5. Lover Of The Light


In a world where music seems to be dominated by break up songs, or songs about having the greatest number of partners possible, it's refreshing to hear a love song about commitment. Lover Of The Light is a song celebrating a steady relationship, in which the speaker is happy to finally have someone who will stay with him despite the mistakes he has made and will make. He honors this person who has committed to him, saying that he "will build a throne, and wash my eyes out never again." From there, the song moves into it's chorus where it tells it's audience to "love the one you hold" and he himself "will be your (his lover's) gold". The song also features a heavy dose of percussion and brass, more so than their other songs. With that, the song really does feel like a celebration, similar to Roll Away Your Stone. I imagine getting married one day, and feeling the way that the speaker of this song feels. Actually, the album Babel-on which this song appears-was released around the time that Marcus Mumford married his wife, Carey Mulligan. I don't think this is a coincidence at all, and that fact makes the song all the more heartwarming.

4. Dust Bowl Dance

This song is right behind There Will Be Time in regards to the title of their most unique song. Dust Bowl Dance was the first hint of an electric sound that Mumford threw into their music. Even more than that, though, it has the most interesting lyrics of any song of theirs. This is storytelling at it's best in modern music, an art which has sadly been on the decline in the last twenty years. Dust Bowl Dance follows a young man living in Dust Bowl America and his struggle to survive. In his struggle, he comes to a place of anger and seeks to avenge everything he's lost. "I went out back and I got my gun," Mumford sings, "I said you haven't met me, I am the only son."

3. I Will Wait


This is probably their most popular song. I Will Wait was the highlight of their second album, and with good reason. It's got a fairly simply message on the surface that falls in line with most of today's popular love songs. However, some have theorized that Mumford is actually talking to God as opposed to a woman. It's a perfectly legitimate theory when you consider that the end of the song features the lyrics, "Raise my hands, paint my spirit gold. And bow my head, keep my heart slow." This perspective gives the song entirely new depth, in my opinion, and I prefer to listen to it from that perspective. I say all this without having even mentioned the fantastically wild acoustic guitar and banjo-not to mention great use of a mariachi band at the end.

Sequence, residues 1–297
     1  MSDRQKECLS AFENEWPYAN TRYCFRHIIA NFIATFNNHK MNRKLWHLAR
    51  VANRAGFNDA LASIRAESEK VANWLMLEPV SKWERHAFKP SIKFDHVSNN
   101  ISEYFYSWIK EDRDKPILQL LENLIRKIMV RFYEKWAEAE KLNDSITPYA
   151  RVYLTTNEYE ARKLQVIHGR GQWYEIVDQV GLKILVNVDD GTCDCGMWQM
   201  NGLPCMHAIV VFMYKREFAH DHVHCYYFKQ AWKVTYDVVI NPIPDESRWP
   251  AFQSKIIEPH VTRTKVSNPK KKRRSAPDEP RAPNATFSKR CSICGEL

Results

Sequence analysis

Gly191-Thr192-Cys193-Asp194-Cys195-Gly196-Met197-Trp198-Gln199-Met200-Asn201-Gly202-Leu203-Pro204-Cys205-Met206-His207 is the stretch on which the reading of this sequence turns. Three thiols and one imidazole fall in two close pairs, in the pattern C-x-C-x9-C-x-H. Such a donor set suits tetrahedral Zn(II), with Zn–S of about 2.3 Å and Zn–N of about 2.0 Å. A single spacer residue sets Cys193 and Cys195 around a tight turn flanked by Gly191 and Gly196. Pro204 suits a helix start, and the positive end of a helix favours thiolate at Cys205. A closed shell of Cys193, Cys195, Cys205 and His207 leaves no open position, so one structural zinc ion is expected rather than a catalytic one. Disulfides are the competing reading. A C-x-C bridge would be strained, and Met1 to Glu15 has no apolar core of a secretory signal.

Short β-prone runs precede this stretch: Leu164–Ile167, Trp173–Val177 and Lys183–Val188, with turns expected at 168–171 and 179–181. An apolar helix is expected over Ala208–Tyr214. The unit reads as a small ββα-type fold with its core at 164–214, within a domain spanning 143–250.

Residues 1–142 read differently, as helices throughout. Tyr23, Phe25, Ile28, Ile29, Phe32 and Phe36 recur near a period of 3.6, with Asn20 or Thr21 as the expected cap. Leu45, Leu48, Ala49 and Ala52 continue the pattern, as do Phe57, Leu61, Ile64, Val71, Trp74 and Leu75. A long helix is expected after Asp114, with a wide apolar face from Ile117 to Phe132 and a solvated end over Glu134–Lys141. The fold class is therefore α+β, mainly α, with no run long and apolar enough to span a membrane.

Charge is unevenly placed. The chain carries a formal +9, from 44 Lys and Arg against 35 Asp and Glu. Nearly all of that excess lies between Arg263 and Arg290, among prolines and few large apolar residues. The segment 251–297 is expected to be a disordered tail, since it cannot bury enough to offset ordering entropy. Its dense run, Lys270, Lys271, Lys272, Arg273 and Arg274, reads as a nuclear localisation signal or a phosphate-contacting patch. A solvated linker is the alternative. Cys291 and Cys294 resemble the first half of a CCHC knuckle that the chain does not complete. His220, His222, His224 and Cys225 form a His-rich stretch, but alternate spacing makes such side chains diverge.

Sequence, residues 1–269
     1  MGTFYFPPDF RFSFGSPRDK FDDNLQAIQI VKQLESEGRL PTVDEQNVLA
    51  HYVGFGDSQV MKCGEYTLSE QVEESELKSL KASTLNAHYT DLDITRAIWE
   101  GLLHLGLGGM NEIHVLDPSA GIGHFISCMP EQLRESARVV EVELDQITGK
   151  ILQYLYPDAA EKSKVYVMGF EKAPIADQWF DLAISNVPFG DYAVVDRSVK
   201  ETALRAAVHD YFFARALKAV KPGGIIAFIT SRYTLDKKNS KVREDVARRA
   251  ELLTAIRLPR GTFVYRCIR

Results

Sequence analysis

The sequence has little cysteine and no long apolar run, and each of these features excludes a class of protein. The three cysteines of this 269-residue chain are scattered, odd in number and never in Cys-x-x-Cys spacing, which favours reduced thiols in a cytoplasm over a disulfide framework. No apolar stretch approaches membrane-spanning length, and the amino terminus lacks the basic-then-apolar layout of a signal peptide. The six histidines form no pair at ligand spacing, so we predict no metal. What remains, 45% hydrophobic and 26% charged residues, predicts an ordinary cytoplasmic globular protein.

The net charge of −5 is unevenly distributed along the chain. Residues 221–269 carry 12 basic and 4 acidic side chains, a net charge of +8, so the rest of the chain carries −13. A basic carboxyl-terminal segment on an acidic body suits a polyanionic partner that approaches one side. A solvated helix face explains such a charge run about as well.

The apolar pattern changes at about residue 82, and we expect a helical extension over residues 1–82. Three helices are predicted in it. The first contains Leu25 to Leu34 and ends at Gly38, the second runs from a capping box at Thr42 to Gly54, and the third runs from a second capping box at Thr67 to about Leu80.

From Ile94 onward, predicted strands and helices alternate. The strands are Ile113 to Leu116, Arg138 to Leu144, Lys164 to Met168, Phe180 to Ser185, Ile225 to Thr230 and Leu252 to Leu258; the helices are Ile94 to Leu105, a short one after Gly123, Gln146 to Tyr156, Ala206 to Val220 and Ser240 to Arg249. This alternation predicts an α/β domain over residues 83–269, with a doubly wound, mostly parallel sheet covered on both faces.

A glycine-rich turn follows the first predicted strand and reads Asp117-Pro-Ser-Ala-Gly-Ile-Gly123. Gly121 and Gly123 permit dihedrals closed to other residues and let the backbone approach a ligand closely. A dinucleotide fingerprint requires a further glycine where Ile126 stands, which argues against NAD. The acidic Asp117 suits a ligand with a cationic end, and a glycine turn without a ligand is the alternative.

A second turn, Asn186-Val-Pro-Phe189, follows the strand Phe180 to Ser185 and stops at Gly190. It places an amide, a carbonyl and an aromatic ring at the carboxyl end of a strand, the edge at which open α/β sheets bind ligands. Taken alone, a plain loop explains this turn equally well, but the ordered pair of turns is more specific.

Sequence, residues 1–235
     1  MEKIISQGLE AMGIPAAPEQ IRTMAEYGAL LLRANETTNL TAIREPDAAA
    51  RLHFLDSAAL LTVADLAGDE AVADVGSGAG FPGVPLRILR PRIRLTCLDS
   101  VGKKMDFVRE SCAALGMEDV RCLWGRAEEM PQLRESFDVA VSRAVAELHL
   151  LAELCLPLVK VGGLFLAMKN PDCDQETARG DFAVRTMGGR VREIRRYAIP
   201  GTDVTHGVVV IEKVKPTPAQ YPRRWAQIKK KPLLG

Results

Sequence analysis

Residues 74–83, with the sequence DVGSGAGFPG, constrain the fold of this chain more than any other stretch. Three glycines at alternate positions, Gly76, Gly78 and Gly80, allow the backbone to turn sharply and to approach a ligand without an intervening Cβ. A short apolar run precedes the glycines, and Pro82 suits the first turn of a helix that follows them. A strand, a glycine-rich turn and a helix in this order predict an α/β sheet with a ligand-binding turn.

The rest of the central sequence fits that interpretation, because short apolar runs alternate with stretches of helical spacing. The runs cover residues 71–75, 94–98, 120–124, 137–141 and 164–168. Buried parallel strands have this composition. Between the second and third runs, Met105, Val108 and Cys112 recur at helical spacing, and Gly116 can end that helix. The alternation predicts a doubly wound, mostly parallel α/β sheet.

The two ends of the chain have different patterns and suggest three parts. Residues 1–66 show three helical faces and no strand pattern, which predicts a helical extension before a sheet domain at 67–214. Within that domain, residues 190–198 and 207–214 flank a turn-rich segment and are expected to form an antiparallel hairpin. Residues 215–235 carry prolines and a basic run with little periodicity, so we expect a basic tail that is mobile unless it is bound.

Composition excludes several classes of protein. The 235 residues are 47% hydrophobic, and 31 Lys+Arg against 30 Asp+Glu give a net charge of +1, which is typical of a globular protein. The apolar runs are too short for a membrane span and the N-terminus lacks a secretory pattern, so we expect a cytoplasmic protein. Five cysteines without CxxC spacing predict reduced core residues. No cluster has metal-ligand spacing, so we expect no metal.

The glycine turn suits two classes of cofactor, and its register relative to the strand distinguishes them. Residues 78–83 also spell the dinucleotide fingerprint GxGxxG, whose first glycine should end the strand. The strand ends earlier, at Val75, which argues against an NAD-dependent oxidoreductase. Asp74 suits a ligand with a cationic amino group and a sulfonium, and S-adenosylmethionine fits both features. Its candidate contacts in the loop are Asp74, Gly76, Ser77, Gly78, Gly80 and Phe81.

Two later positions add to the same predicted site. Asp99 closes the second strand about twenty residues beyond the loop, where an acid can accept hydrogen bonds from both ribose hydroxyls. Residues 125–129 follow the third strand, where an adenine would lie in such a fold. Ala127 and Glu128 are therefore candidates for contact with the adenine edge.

2. Little Lion Man


This song might also be known as the "F-word song" in their library. While the band does curse in a couple of other songs, this is easily their most popular employment of the bomb. Despite the language-which is usually a turn off for me when I listen to music-I cannot help but love Little Lion Man. It's a song about regret, and wishing to make up for mistakes. It was also their debut single, which makes it all the more special. More than both of those things, though, it features some of the best harmonizing ever in music. Anyone who has listened to the song knows what I'm talking about. For me, that beautiful sound makes the cursing worth it. The video below is a link to the (rare) "Messed Up" version. It's a little bit poorer in recording quality than the normal version, but I felt it was more appropriate for use here.

1. The Cave


Not only is this my favorite Mumford & Sons song, but it's one of my favorite songs of all time period. I consider this to be the Shawshank Redemption of music, thematically speaking. The Cave is a glorious celebration of endurance and redemption, featuring some of the most intelligent lyrics written in probably the last twenty years. With allusions to all sorts of "sophisticated" literature, it can only be fully appreciated after multiple listenings and a little bit of research. At the heart of the song, however, is that amazingly hopeful chorus: "And I will hold on hope. And I won't let you choke on the noose around your neck. And I'll find strength in pain. And I will change my ways. I'll know my name as it's called again!" Those aren't just good lyrics, those are words to live by.